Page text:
Ray Allen chooses Miami Heat over Boston Celtics

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If you can’t trust the team owner to break news, who can you trust?

Miami Heat owner Micky Arison tweeted this Friday night:

Its 2:30am in London and I was just woken up with great news. Welcome to the family #20!!

Ray Allen has chosen the Miami Heat over the Boston Celtics for next season. He sacrificed a larger paycheck and familiarity to go after a ring in South Beach.

Allen has called the Celtics to inform them of his decision, reports Adrian Wojnarowski of Yahoo Sports (and the NBC Sports Network). Allen’s agent has confirmed the decision to the Associated Press. It’s as official as it can be until Allen signs a contract on July 11.

This is a huge free agent get for the Heat — they have spent two seasons trying to find a consistent three-point threat to go around LeBron James, Dwyane Wade and Chris Bosh. Shane Battier struggled last season (but was better in the playoffs). Mike Miller has been banged up for two seasons, but you saw what happened in Game 5 of the NBA finals when the Heat had him knocking down open looks — they were an unstoppable offensive force. The penetration and threat of LeBron and Wade give guys at the arc time to set their feet — plus pretty much pitch a tent, light a bonfire and make some smores — before they have to shoot.

Allen, the NBA’s all-time leader in three-pointers made and shot 45 percent from beyond the arc last season, should thrive in that setting. Which was why he was the Heat’s top free agent priority. LeBron and Wade were tweeting him, and Pat Riley was working his magic. Riley’s sales job was impressive and really helped sway Allen, Wojnarowski reports. He sold him the same way he sold Wade and Bosh (and the way the Celtics sold free agents to come during the big three era) — shared sacrifice to chase a bigger goal.

Miami could only offer half has much money as Boston — $3 million to take his talents to South Beach vs. $6 million to stay in green — but this wasn’t really about money. Allen has made a lot of money, $178 million over the course of his career. It was about the chance to win a ring. It was also about how he fit in — Boston wants to expand Avery Bradley’s role and just agreed to terms with Jason Terry as a free agent (who is an upgrade over Allen at this point in their respective careers). Allen’s role there was shifting.

You can bet this adds some fire to the rivalry on the court and in the stands between the Heat and Celtics. Allen has left his home for the last five seasons and where he won a ring in 2008 for a hated rival. Some Boston fans will turn on Allen now. Be ready for plenty of “Judas Shuttlesworth” jokes. But he was a free agent who played out his contract and had the right to make his call. How much of a role his reportedly strained relationship with Rajon Rondo, or how much he was frustrated about the Celtics shopping him around at the trade deadline, played into his thinking are good questions we may never know the answer to. But there seemed to be something after all the trade rumors around Allen — he asked for three years, $27 million to stay in Boston, reports the Herald. Boston would go no higher than two years, $12 million.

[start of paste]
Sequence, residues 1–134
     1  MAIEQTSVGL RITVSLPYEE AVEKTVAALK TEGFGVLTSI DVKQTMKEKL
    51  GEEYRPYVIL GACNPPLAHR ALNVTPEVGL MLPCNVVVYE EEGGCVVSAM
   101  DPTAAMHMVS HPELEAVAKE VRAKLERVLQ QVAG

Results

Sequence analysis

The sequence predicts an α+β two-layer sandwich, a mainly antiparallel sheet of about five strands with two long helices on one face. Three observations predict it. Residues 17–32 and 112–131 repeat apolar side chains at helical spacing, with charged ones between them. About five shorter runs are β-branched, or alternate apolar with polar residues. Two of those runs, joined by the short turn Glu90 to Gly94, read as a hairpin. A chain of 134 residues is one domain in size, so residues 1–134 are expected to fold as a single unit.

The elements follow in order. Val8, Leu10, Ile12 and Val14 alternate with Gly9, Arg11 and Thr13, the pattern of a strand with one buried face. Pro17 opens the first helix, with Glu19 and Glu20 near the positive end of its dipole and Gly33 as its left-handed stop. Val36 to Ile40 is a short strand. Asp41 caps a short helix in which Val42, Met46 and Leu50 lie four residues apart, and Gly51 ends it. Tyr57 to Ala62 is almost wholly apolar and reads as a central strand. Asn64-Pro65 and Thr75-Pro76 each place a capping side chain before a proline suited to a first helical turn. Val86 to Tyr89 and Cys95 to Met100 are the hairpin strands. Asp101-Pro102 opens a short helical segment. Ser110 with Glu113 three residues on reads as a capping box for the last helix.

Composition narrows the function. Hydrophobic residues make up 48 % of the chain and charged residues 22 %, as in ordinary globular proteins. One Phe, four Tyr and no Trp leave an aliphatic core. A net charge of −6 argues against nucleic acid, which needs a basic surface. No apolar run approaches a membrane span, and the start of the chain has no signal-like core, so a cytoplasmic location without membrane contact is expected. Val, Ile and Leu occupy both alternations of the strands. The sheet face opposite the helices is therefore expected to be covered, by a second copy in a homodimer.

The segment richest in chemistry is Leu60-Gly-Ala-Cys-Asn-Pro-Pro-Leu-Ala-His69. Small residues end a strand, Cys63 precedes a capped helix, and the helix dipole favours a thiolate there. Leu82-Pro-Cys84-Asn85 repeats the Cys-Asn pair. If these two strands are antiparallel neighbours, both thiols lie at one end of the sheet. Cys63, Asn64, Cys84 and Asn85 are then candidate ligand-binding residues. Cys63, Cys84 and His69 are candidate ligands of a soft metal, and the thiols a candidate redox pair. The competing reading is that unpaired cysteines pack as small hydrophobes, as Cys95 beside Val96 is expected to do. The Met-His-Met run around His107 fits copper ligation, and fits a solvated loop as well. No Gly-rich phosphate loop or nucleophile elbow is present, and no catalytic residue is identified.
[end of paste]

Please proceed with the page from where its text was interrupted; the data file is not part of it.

With the Heat he plays a key role with a great shot at another ring, and that seemed to matter.

Cavaliers coach Tyronn Lue on Kyle Korver’s playing time: Brad Stevens ‘threw us for a loop’ by not playing Semi Ojeleye

AP Photo/Charles Krupa
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LeBron James is obviously the Cavaliers’ best player. Cleveland’s second-best player? Usually Kevin Love, but Kyle Korver has made a case lately.

So, how did Korver play just 19 minutes, including none in the first quarter, in the Cavs’ Game 5 loss to the Celtics last night? That was his playoff low, besides Game 1 against the Pacers, when he was still recovering from injury.

Blame Boston coach Brad Stevens removing Semi Ojeleye from his rotation.

Cavaliers coach Tyronn Lue:

Well, initially, he’s been putting [Semi] Ojeleye in, so that’s been kind of Kyle’s matchup when he comes in the game. He didn’t play him tonight, so it kind of threw us for a loop.

This won’t slow the talk of Stevens being a genius. He neutralized one of Cleveland’s best players simply by not using a limited rookie.

Still, Lue’s strategy held some merit. Korver is a defensive liability, but Ojeleye’s offensive limitations make it hard to take advantage. Ojeleye’s biggest strength, his physical strength, is of limited utility in trying to stick tight to Korver on the perimeter.

In Games 1-4, Cavaliers with Korver on and…

Ojeleye on:

  • Offensive rating: 111.9
  • Defensive rating: 102.1
  • Net rating: +9.9

Ojeleye off:

  • Offensive rating: 97.0
  • Defensive rating: 109.5
  • Net rating: -12.5

That said, Korver is too good to plant on the bench. Other perimeter options – J.R. Smith, George Hill, Jordan Clarkson and Jeff Green (who actually played fine last night) – are just so unreliable. Lue shouldn’t just wait for the perfect matchup to use Korver.